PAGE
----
Cross Draw Holsters: The Pros, Cons and More
Cross-draw holsters have many pros and cons. They are an essential part of concealed and open carry.
Crossdraw holsters have been around since the dawn of time. Crossdraw holsters have been around since the time of cowboys, who needed to be able to conceal their guns while on horseback or at work. Cross draw holsters are no longer used for Clint Eastwood-like purposes, but they still hold a place in the halls of fame. Although they have been criticised in the past due to the shooting world’s preference for strong side draws or IWB draws, years of experience and many cross draw enthusiasts prove that these holsters are still very popular.
Crossdraw today places your handgun at the waist of your non-dominant leg. The muzzle points towards the outside and the grip faces your dominant hand. Clock lovers will appreciate 10 or 11 o’clock. Crossdraw is when you draw across your body with your dominant hand. You need to practice a lot because you want to avoid any danger of the gun being pointed at you or damaging anything else. It is important to get a cross-draw holster that you have made, then break it in and practice practicing.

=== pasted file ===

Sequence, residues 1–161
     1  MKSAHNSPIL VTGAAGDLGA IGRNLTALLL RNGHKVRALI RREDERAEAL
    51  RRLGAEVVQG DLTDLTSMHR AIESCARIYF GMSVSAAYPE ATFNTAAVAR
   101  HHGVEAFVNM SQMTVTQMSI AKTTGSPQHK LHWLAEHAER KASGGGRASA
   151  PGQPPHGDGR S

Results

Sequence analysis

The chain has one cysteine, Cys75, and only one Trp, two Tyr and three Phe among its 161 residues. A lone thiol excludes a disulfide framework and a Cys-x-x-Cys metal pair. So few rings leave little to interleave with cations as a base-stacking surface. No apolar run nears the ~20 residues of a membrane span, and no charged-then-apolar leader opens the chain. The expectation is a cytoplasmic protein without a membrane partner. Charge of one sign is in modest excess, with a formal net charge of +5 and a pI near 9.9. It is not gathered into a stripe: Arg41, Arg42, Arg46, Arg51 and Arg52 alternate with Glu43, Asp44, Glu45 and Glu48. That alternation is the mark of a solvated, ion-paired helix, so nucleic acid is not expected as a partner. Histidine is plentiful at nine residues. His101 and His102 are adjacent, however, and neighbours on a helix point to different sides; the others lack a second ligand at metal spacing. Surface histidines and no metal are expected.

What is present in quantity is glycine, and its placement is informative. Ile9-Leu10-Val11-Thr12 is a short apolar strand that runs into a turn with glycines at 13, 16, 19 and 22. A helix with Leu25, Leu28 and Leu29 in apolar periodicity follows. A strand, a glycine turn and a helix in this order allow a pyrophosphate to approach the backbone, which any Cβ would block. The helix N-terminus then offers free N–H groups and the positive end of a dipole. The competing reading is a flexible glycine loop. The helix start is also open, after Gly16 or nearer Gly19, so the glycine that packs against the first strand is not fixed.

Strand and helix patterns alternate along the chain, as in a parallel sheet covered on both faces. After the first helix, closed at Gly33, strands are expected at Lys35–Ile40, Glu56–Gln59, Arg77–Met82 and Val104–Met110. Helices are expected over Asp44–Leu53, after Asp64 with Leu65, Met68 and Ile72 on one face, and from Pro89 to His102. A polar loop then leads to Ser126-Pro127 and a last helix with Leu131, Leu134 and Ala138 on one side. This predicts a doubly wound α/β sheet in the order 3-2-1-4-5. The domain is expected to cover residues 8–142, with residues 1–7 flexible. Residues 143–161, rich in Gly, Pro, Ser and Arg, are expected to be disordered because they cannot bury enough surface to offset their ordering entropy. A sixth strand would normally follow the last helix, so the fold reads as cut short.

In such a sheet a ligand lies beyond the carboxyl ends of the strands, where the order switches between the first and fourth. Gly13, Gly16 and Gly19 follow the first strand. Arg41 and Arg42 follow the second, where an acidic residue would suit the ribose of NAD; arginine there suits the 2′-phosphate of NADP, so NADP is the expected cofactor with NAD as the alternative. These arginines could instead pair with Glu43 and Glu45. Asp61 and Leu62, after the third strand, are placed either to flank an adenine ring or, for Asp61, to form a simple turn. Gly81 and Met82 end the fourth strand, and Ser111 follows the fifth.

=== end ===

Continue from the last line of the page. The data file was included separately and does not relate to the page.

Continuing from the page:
Crossdraw holsters can also be used to draw across the body. However, we will only discuss belt crossdraw holsters for the sake this article and the benefit of cowboys.
The Pros and Cons
Cross draw has many benefits for gun enthusiasts who spend most of their day sitting on a chair or a seat. It is comfortable to sit with the holster in a natural position and won’t hinder your movement. It may be difficult to draw vehicles safely and easily. It can be challenging to draw from the appendix IWB and strong side OWB while sitting in your truck with your seatbelt. Cross draw is a great option. The natural movement of your hand while sitting will bring your gun to your grip, and you can draw quickly and engage the threat.